On a similar note, it’s worth acknowledging that the dialogue in the first 20-30 minutes or so can get bad. Really bad. Made for TV, straight-to-DVD bad. For example, a major early discussion between Curtis and Edgar, one that sets up a thread in regards to Curtis’ motivations goes something like this:

Edgar: Sooner or later, you’re going to have to take over the train.

Curtis: I’m no leader.

Edgar: You already are.

And that’s not even getting into the conversation with Namgoong Minsu—Namgoong Minsu, he’s in prison block? Yes, Namgoong Minsu, he’s a security specialist who’s quite incredibly important and they care about getting to him very much, everyone. Such bits, while eye-rolling, might not have stood out that much in your average blockbuster. But it’s an obvious, cringe-worthy departure from the focused intensity of the rest of the film.

A far greater problem lies in Snowpiercer’s structuring. Simply put, it wants to be far too many things at once. Is it a realistic, uncompromisingly brutal illustration of how far humans are willing to go to survive and throw off the shackles of oppression, an offbeat critique—notably reminiscent of Terry Gilliam’s work, his name being dropped—of the lifestyles of the rich and eccentric, and their predilections towards thoughtlessly trampling others underfoot, or a straight-up Hollywood action thriller, complete with villainous monologue courtesy of Ed Harris’ Wilford? Evans’ and Swinton’s parts quite simply buckle under the improbability of belonging in the same movie, much less the same scenes. More effective pacing and scene transitions might have smoothed such issues over to an extent, but the script zig-zags between moments of jaw-dropping nihilistic horror and comic observations of the front-enders idling antics with the full expectation of the audience quite simply taking it all in stride. If it’s intentional, it doesn’t work the way it needed to.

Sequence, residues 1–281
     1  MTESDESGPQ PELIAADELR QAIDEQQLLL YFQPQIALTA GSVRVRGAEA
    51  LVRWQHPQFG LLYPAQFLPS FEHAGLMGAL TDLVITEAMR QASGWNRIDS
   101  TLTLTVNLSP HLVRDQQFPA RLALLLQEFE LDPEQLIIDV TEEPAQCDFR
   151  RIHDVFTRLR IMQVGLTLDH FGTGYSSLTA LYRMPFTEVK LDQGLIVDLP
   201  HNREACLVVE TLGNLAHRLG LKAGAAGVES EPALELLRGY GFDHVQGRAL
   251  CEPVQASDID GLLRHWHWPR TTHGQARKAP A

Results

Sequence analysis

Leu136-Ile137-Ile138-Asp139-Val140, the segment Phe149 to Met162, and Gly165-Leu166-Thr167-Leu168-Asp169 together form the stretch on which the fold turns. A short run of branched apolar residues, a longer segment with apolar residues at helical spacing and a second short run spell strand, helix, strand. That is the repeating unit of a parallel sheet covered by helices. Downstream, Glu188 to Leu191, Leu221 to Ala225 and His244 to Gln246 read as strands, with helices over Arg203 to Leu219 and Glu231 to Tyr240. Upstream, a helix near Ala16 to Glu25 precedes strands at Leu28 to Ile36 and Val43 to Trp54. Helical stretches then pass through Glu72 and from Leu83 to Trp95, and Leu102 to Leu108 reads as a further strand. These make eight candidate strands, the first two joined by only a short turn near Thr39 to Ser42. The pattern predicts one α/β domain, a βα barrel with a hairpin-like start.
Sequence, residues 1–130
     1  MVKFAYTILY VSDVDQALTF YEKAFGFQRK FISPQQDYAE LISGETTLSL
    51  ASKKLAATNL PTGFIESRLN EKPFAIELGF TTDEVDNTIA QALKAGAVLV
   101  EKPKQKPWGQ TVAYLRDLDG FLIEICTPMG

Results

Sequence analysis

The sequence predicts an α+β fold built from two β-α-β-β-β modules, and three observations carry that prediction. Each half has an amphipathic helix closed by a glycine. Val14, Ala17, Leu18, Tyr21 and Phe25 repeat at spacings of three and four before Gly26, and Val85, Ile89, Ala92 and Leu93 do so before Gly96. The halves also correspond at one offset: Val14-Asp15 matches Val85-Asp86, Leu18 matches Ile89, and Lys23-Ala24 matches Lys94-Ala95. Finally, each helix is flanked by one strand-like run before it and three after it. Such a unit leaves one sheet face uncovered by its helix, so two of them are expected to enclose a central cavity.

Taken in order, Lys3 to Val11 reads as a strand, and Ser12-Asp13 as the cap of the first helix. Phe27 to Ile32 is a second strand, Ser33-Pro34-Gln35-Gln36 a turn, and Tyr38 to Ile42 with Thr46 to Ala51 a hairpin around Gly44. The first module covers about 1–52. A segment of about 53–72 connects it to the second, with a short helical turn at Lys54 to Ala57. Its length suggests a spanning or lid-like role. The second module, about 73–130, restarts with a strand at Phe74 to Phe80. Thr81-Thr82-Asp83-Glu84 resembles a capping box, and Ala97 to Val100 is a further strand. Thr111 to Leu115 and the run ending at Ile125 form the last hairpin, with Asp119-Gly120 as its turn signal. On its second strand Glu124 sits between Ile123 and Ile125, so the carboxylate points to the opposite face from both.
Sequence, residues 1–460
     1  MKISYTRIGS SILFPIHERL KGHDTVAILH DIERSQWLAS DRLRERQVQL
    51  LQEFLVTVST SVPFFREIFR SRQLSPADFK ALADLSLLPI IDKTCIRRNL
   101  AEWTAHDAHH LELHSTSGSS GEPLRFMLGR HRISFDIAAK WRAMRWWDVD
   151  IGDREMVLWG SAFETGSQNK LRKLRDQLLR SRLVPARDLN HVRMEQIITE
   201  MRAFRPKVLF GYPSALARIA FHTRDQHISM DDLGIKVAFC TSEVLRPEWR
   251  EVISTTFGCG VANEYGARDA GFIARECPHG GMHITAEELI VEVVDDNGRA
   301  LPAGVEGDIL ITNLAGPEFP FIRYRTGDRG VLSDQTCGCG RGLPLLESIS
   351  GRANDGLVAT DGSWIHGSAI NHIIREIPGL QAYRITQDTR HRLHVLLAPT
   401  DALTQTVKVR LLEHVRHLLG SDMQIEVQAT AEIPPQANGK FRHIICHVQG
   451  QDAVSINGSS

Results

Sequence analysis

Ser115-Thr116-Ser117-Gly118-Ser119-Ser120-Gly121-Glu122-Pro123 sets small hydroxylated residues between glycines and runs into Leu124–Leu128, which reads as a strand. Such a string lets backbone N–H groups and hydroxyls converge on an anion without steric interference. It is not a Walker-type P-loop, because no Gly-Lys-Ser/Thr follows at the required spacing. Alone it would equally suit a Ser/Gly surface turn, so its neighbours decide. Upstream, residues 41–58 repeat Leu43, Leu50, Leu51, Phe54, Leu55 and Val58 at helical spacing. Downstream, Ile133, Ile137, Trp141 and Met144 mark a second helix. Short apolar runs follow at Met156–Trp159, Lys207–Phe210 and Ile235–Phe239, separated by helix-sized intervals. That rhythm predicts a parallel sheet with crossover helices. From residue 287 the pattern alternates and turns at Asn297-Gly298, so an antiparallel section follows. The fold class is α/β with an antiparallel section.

Arguably even worse are the oddities, the outright screw-ups. So much of Snowpiercer is so very meticulously arranged, to a degree even comic book films like The Dark Knight can only watch in envy of. A huge proportion of throwaway lines and observations turn out to have titanic, game-changing repercussions down the line, repercussions that reflect the character motivations and the movies’ intended message in fascinating ways. Yet, for every one or two of those, there’s a moment of stunning, bone-headed stupidity. The somewhat realistic backdrop of the film is instantaneously undermined by the explicitly addressed and unexplained psychic capabilities of Yona. Messages from the front that continue long after their stated purpose are fulfilled, but serve no other purpose than creeping out the characters and the audience along with them. And, the entire scene with the fish and the men in the useless masks, who have apparently been standing in one place for eighteen years looking threatening doesn’t help. The idea of the catastrophically incompetent Mason being chosen to keep the lower class in line wounds the film as well. Like some of the dialogue mentioned earlier, these are issues that might have been largely forgiven in a lesser work.